A HOUSE IN FRANCE

We stayed for a few days with our friends in France, where they have an old farmhouse well away from town in a peaceful spot with roses and fruit trees. In the sweltering heat we preferred to stay indoors, protected by two-foot walls, but the evenings were pleasant in the garden under the vines. Over … Continue reading A HOUSE IN FRANCE

SOPHIE CONRAN TABLEWARE

I mentioned Sophie Conran's Pebble range of tableware in my last post and thought I'd say a bit more about it. It has been a popular range over a long period and says a lot about attitudes to handmade and factory-made pottery. It is factory-made, but with its wonky shapes and ridges it looks as … Continue reading SOPHIE CONRAN TABLEWARE

WEDGWOOD’S CREAMWARE

Much of the history of European ceramics is the attempt to imitate Chinese porcelain. The Ottoman Turks covered buff clay with white slip and a clear glaze. The Moors brought opaque white tin glaze into Spain, from where it spread to Italy, the Netherlands, central Europe and England. Meanwhile, there were experiments in porcelain, adding … Continue reading WEDGWOOD’S CREAMWARE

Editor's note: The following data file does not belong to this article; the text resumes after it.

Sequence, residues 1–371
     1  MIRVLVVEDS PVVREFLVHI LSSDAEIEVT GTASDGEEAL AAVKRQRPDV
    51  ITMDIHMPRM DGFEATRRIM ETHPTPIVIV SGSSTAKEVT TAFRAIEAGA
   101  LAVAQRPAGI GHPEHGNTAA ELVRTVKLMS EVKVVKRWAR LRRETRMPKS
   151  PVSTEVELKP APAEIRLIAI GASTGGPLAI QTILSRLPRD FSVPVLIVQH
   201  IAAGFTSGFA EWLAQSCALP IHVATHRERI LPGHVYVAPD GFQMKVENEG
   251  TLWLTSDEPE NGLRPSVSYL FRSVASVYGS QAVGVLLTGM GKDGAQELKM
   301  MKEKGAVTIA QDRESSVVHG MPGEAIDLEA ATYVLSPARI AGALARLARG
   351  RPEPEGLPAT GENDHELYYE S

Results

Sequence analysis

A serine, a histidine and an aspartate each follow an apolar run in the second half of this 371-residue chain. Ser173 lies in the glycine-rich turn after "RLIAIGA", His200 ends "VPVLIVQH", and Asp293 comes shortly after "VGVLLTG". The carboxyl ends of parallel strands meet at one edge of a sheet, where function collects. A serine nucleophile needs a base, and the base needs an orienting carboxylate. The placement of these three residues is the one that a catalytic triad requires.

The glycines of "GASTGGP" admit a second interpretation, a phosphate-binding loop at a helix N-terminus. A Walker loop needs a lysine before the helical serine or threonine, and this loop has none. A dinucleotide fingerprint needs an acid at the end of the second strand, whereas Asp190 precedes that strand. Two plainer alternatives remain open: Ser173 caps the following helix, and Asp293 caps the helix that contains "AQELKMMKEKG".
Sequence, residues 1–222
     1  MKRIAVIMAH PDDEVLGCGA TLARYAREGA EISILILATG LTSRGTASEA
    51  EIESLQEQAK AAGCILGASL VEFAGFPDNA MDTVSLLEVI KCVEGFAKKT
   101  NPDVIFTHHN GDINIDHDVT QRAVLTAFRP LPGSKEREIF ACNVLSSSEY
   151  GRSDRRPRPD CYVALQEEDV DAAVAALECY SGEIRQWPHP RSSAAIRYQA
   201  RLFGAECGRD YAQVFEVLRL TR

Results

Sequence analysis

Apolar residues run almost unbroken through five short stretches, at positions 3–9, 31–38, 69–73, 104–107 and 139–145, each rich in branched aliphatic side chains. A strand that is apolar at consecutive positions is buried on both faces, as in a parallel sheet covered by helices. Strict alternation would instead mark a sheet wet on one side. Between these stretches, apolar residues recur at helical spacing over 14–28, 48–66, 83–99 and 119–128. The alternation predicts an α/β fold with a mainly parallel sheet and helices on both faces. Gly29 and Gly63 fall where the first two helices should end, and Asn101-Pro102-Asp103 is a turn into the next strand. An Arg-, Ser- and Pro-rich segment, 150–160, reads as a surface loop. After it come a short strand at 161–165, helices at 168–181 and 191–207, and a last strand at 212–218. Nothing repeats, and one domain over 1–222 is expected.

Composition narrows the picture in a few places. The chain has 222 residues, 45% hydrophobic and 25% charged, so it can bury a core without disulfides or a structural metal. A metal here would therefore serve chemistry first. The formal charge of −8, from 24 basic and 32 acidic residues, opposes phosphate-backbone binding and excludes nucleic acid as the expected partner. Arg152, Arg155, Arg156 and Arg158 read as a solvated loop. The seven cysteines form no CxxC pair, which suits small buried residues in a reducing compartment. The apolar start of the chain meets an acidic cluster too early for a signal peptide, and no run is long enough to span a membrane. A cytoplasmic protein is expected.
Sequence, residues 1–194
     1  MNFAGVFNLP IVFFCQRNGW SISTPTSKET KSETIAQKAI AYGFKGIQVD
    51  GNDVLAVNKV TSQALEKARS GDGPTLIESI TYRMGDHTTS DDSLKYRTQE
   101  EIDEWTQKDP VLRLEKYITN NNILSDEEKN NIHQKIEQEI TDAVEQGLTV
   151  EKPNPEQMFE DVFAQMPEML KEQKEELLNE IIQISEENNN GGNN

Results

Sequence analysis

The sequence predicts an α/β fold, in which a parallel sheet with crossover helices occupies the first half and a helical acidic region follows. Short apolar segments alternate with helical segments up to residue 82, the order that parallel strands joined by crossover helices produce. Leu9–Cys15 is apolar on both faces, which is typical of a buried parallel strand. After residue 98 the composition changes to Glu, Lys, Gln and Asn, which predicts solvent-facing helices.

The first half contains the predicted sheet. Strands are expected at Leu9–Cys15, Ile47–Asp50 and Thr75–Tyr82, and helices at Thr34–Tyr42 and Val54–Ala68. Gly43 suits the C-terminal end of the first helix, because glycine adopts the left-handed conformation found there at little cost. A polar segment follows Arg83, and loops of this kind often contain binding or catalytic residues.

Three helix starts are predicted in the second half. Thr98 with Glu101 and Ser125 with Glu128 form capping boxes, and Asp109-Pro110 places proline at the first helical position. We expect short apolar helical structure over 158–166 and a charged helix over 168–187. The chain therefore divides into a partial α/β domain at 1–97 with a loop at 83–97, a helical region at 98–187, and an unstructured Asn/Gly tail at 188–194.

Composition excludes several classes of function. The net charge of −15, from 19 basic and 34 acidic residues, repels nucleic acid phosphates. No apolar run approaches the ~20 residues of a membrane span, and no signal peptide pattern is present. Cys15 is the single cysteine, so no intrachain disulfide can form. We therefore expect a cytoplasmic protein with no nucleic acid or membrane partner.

EMMANUEL COOPER

Emmanuel Cooper (from Online Ceramics)Emmanuel Cooper, one of the leading figures in British studio pottery, died recently at the age of 73.  He was the founding editor of Ceramic Review in 1970 and continued editing it until 2010.  He was a writer, teacher and curator as well as a potter and served the Craft Potters … Continue reading EMMANUEL COOPER

A VISIT TO ST. QUENTIN LA POTERIE

Reindert Overduin in his studio with a student from CFA.Saint Quentin la Poterie, a village near Nîmes with twenty-four pottery studios, has a long history as a pottery centre (tiles in the Pope's Palace in Avignon were made there), but by 1970 all the traditional workshops had closed. Its revival is due largely to the … Continue reading A VISIT TO ST. QUENTIN LA POTERIE